Social Media and the Panopticon: Part 4, Right Now You Are Working for Free


In Digital Vertigo, Andrew Keen compares social media companies such as Facebook and Twitter to the idea of the Panopticon. As I discussed in Part 3 of this series, Keen stresses how the big social media companies are making millions of dollars by collecting people’s personal information and browsing histories and selling them to advertisers and other third-party companies. While Keen frames this as an issue of privacy, I see it as something quite different: it’s an issue of unpaid labor.

Simply put, you and I and the other millions of people using social media are working for free.

With every post, share, click, connect, and “like,” we are providing income for some of richest corporations on earth. And we are doing it without expectation of remuneration.

This is not a new idea. Canadian media researcher Dallas W. Smythe first proposed the idea of the media audience as workers in 1981 in an article titled “On the Audience Commodity and its Work.”(1) Smythe asserts that the audience is at once a commodity – something to be bought and sold – and a source of labor. Both ideas are important, but before I get to that discussion, let’s start with two key premises.

  1. All media outlets exist for the sole purpose of making money.

Both traditional media (radio, newspaper, television) and digital media (Internet-based companies) share the ultimate concern of making a profit, and in today’s form of capitalism, that means large and ever-increasing profit.

But, wait! – you might say – don’t the media promote the conservative agenda of state? And I answer, yes, this is true. The actions of media company and the textual content serve to advance values that support consumer-driven capitalism and the people and institutions that profit from it. However, this is neither ideologically or politically motivated; it’s all about money – first, last, and always. If radical criticism made money, they’d be all over it – in fact, co-opting and assimilating ideas that are outside the norm can be extremely profitable (seriously, virtually all of TLC’s lineup). That the ideas become neutralized is simply a side benefit.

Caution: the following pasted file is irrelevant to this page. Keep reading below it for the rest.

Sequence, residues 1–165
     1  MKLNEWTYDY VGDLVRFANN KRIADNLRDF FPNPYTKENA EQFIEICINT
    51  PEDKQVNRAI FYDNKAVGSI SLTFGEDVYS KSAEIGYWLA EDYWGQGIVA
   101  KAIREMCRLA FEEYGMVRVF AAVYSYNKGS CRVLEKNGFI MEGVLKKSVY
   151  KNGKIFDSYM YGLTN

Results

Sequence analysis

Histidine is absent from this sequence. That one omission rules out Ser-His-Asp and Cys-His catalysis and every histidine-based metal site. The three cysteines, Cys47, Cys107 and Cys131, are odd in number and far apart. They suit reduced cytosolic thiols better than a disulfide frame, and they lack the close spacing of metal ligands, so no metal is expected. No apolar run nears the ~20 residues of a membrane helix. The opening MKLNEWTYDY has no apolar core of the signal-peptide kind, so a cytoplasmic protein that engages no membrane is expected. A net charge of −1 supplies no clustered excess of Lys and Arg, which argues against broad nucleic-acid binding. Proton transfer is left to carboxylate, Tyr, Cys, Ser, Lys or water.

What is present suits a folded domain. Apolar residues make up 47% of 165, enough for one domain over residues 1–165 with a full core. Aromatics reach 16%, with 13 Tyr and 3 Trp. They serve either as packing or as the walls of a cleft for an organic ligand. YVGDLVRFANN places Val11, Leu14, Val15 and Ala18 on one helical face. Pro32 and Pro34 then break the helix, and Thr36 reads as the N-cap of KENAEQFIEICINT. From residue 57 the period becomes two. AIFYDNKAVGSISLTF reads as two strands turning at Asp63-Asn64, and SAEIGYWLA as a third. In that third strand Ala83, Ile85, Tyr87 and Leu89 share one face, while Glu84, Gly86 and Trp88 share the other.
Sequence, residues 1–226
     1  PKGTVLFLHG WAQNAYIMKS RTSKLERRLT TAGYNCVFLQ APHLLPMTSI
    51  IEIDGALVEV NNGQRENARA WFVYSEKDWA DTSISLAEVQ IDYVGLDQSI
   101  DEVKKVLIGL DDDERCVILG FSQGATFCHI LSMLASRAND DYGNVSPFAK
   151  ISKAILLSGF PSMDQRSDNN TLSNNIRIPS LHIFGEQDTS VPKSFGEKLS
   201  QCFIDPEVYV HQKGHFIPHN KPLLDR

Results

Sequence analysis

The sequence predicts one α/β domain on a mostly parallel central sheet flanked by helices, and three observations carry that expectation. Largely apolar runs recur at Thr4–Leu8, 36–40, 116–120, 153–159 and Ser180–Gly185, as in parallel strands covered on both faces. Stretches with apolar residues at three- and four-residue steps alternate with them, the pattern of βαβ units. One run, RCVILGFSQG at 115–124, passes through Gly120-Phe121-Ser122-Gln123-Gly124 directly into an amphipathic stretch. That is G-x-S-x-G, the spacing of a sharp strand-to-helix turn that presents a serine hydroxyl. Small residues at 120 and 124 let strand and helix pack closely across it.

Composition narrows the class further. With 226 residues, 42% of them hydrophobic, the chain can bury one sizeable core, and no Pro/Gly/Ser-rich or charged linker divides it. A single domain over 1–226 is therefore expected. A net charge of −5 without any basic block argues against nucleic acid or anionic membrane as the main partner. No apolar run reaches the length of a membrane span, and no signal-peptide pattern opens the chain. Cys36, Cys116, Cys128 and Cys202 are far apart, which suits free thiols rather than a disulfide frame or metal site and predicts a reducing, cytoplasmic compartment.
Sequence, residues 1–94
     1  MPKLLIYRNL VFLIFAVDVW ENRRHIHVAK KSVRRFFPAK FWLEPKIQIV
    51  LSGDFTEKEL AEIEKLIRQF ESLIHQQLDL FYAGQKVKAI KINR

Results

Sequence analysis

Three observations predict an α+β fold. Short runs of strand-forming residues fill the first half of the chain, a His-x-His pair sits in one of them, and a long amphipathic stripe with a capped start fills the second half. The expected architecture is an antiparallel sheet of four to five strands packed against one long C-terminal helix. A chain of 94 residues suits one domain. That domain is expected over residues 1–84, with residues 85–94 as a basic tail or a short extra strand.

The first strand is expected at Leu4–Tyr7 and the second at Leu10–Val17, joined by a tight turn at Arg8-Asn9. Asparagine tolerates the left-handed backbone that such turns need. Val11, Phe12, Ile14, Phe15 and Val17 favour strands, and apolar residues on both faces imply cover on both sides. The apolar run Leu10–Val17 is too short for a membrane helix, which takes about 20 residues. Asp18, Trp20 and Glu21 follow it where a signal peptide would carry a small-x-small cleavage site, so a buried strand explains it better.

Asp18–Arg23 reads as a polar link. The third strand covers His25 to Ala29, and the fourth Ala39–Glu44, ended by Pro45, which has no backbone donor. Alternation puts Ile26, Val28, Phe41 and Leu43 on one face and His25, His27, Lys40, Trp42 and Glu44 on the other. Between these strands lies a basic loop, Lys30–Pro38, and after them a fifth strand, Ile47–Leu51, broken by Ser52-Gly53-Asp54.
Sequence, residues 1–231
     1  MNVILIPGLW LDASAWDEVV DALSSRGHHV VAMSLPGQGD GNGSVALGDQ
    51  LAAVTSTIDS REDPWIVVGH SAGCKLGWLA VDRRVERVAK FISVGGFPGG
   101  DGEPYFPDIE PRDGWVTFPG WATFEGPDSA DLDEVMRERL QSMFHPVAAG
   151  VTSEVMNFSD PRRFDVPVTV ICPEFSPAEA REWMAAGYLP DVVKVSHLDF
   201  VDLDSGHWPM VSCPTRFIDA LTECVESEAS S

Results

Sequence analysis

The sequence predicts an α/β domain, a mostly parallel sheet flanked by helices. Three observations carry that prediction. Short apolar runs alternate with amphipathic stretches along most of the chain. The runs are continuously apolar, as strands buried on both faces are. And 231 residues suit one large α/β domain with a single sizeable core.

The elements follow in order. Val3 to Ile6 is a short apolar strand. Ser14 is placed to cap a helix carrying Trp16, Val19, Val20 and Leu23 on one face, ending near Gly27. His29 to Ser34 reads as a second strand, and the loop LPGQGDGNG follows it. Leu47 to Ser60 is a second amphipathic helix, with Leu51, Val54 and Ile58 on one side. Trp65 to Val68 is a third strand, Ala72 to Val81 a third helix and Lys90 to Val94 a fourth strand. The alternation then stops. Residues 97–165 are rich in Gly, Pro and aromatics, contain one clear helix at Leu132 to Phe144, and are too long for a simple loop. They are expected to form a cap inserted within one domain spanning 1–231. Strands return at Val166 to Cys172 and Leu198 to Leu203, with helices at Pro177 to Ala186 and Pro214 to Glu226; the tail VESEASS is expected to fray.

1. All media rely on the active participation of the audience to make its profits.

If people don’t read magazines and newspapers, they go out of business. If nobody watches a certain TV program, it gets cancelled. And if people stop using social media sites (think Friendster ), they go bust.

Now, you may argue that our use of these media are a fair exchange. We invest our time and money, and in return we receive information, entertainment, and pleasure. Fair enough – but that means that our primary relationship with the media outlets is an economic one.

That’s the conclusion that Dallas Smythe came to when he envisioned the media audience as both commodity and labor. Let me briefly summarize.

Audience as Commodity

First, Smythe views the audience as a commodity for the same reason Keen does: individual users (viewers, listeners, readers) make up groups that share common characteristics, and these groups can be “sold” to advertisers who hope to market to a specific audience. Traditional media has been actively collecting                                           demographics on its audiences for a long time (there’s evidence of analysis of radio audiences as early as 1923 (2)). In Digital Vertigo, Andrew Keen illustrates well how the data gathering power of the Internet takes audience commodification to a new level. As an individual user of social media, your activities are profiled to such as an extent that you receive immediate and personalized advertisements. This is what happened in my incidental excursion into the CVS parking lot, discussed in Part 3.

Audience as Labor

The second point Smythe makes is a little harder to grasp, but as with the audience-as-commodity model, the audience-as-labor model becomes more intense with social media.

The Internet as we know it didn’t exist in 1981, so Smythe uses magazines, radio, and (primarily) television to illustrate his point. He says that much of the work performed by the audience is mental, taking place “in the heads of audience members” (p. 231). (For more info, see Enzenberger’s ideas on the “consciousness industry.”)  This mental work – reading, watching, discussing – “fuels both the economy of mass produced goods and the promotion of the interests of the government,” Smythe says (p. 233). (See premise #2 above.) The media audience is therefore a necessary economic component of what Smythe refers to as “monopoly capitalism,” which comprises the political-economic hegemony.